Thursday, June 14, 2018

Where'd You Go, Bernadette: A Novel Paperback by Maria Semple (Back Bay Books)

Fifteen year old Bee lives in Seattle with her parents in a 12,000 square ft building that once was a Catholic school for wayward girls. To say their lifestyle is unconventional would be an understatement. Their "home" has blackberry vines growing through the floorboards, a roof that leaks like a sieve, and an odor that would assault anyone's nose who might enter; yet the three of them don't seem to notice. It's not because of lack of intelligence or money. They all have Einstein level IQs. Elgin has a very high level job at Microsoft, Bernadette is an award winning architect, and Bee has been accepted to a prestigious boarding school.

They are planning on taking a trip to Antarctica over Christmas break, a reward for Bee's perfect report card. But things start going awry. And then Bernadette disappears...

This is a strange story told in an unique way. It's told by Bee with the help of emails, letters from school personnel, police reports, medical reports, invoices, etc. This book is satirical; certainly not a book anchored in "everyday life" realism. In this regard, it reminds me a bit of Rachael Joyce's "The Unlikely Pilgrimage of Harold Frye".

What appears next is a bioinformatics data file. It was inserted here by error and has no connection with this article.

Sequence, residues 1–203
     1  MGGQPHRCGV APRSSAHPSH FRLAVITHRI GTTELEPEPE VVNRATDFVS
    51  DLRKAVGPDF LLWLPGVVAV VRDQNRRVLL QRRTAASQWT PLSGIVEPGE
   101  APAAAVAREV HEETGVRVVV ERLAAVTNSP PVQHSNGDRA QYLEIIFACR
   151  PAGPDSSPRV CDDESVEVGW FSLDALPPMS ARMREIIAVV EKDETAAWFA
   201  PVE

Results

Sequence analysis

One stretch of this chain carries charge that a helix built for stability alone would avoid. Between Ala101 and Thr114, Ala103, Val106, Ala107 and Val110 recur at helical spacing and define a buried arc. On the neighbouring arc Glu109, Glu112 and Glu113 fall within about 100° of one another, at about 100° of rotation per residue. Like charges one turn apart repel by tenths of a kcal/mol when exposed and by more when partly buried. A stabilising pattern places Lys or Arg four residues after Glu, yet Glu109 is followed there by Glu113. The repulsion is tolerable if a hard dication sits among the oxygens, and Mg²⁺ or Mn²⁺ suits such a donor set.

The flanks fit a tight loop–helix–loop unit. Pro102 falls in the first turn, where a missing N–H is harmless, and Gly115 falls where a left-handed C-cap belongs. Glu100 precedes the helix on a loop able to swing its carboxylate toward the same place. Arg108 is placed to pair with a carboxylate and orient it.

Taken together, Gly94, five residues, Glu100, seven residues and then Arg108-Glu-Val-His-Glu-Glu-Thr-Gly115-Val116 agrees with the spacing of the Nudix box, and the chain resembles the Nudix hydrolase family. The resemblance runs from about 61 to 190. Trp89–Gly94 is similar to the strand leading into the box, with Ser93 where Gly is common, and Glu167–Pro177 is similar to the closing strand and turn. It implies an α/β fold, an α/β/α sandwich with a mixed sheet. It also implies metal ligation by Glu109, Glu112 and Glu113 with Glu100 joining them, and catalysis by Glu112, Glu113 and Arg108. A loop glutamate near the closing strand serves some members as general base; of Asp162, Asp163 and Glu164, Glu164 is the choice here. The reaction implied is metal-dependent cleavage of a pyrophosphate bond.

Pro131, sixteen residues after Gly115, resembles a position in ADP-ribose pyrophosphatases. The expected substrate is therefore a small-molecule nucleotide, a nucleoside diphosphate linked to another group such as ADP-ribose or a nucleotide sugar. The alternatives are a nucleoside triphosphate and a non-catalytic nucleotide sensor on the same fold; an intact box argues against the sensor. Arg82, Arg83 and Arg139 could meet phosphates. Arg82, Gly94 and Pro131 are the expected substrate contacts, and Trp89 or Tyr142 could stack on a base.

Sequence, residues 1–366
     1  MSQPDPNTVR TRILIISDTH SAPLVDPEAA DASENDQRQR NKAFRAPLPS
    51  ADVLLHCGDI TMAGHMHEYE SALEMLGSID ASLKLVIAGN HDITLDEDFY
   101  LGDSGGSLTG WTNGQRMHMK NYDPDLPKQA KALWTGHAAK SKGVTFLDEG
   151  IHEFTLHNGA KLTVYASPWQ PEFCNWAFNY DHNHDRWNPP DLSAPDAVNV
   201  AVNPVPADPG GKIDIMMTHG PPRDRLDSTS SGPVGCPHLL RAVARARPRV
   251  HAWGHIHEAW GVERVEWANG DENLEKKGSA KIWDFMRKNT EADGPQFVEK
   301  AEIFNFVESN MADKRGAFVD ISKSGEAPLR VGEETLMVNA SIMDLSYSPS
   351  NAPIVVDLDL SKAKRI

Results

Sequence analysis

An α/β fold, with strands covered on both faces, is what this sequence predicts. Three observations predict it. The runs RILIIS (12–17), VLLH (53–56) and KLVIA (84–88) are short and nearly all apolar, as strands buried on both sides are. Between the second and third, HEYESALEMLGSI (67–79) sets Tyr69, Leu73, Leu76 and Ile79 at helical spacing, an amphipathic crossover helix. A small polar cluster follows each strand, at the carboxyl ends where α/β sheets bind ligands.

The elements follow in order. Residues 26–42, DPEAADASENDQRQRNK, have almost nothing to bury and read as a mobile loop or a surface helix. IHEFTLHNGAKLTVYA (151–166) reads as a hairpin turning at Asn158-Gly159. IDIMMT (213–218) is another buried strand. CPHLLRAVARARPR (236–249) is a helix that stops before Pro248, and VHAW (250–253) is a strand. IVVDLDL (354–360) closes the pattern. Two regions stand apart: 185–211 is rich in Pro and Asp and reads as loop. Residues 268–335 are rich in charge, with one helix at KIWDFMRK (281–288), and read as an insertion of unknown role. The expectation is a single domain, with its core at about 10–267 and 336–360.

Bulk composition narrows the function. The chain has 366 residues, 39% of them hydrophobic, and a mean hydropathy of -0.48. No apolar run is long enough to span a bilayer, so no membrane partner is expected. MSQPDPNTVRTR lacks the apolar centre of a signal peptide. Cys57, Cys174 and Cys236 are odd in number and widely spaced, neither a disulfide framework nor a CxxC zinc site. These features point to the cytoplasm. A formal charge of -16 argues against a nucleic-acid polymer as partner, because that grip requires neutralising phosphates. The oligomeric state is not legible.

"Where'd You Go, Bernadette" isn't for everyone. Of course you can say that about every book ever published, but that goes double here. I would've given up on it if not for a reading buddy who pushed me to stick it out. The characters are not likable in the beginning (or understandable), especially Bernadette. But once I got through the first quarter, I was invested in the story. And when I reached the last page, I realized wisps of Bee, Bernadette, and Elgin have been written in my memory bank with a permanent marker. They'll fade, but never completely leave.

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